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Debra Shore, new EPA chief in Chicago, says environmental justice will be a key focus

The former elected commissioner of the Metropolitan Water Reclamation District also highlights climate change and hazardous waste site cleanups as priorities.

The EPA officially announced Evanston politician Debra Shore as the head of the six-state Midwest regional office in Chicago.
Debra Shore, the new EPA chief in Chicago
Rich Hein/Sun-Times

The new head of the Environmental Protection Agency’s Midwest region in Chicago promised to make pollution-related social justice issues a top priority of her administration.

Debra Shore, recently appointed EPA administrator for the six-state area by President Joe Biden, said “environmental justice” is among the most important areas of focus for what’s known as the agency’s Region 5, which includes Illinois, Indiana, Michigan, Minnesota, Ohio and Wisconsin.

The term environmental justice references the burden low-income communities shoulder due to proximity to pollution. Such areas are often communities of color where a sizable percentage of residents have poor health and limited access to medical care.

“What’s important to this administration and to me is to ensure the public health of people, especially those who live in underserved and overburdened communities and we’ll be carrying that commitment forward,” Shore said in an interview.

Shore said she plans to listen to concerns from environmental justice advocates, including an upcoming meeting with Southeast Side residents who oppose a scrap-metal operation seeking a city permit to open at East 116th Street along the Calumet River. EPA staff have been consulting the city on pollution data trends in the area, she said.

“What happens specifically with that permit is in the hands of the city. But I know Region 5 has worked closely with the city,” Shore said.

A Midwest plan for climate change, hazardous waste cleanup and restoring morale at the agency are among her other areas of emphasis, said Shore, 69, of Evanston. Shore was named to the EPA job last month. She then stepped down as the elected commissioner of the Metropolitan Water Reclamation District, a post she’s held since 2006.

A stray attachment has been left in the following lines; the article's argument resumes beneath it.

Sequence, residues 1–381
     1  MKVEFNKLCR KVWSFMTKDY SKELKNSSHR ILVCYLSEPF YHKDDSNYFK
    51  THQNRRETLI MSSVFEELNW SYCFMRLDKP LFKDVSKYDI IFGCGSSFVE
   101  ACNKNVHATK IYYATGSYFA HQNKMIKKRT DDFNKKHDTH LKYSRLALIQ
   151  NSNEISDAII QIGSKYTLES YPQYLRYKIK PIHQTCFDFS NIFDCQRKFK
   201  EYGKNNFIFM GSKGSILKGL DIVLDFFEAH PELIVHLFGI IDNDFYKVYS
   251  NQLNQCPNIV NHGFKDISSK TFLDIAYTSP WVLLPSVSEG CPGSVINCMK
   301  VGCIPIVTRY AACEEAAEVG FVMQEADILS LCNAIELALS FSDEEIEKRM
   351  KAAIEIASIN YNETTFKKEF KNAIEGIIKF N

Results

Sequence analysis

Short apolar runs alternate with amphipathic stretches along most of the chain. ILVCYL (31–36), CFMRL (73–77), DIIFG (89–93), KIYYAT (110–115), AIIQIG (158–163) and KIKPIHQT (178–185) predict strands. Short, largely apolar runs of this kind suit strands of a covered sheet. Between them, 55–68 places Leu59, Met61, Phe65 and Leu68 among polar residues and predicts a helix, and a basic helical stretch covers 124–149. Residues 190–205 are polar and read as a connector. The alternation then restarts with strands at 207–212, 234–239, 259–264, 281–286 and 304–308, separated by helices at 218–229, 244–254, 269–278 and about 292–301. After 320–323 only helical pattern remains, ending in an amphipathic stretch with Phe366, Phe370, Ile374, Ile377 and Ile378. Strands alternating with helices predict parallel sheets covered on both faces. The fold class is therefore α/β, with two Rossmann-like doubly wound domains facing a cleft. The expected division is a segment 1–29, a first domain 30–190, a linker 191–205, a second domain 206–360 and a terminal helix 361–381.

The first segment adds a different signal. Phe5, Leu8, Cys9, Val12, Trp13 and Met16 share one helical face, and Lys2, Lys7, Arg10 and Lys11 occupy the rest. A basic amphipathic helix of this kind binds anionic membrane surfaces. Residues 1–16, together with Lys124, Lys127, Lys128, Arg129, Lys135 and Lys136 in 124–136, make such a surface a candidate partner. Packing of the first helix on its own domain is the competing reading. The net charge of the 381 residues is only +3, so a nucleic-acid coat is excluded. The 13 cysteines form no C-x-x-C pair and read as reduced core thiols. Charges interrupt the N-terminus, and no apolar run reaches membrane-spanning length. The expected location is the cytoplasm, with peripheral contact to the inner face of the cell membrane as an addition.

Shore also vowed to work with Indiana to monitor the industrial companies that align Lake Michigan’s shoreline, including U.S. Steel, which recently discharged oil and iron into the water during two separate incidents that closed area beaches.

Money from the infrastructure bill Biden signed into law Monday will help fund necessary cleanups of Superfund sites in the Midwest, she said.

EPA regional staff are working on a climate adaptation plan that Shore said is in the draft stages. Separately, Shore said she’d like to engage other federal agencies to work on possible pilot projects to test climate resiliency in the Midwest.

“Climate change needs to be the filter and focus through which everything else we do is regarded and planned,” Shore said.

In a letter to Biden last month, EPA Midwest employees urged the president to declare a climate emergency.

Noting “there was a big blow to morale” of EPA staff after four years of former President Donald Trump’s Administration’s gutting the agency, Shore promised “no longer will expertise be dismissed or derided but instead will be respected.”

The infrastructure bill is likely to provide money throughout the EPA for new projects and hiring, she added.

Brett Chase’s reporting on the environment and public health is made possible by a grant from The Chicago Community Trust.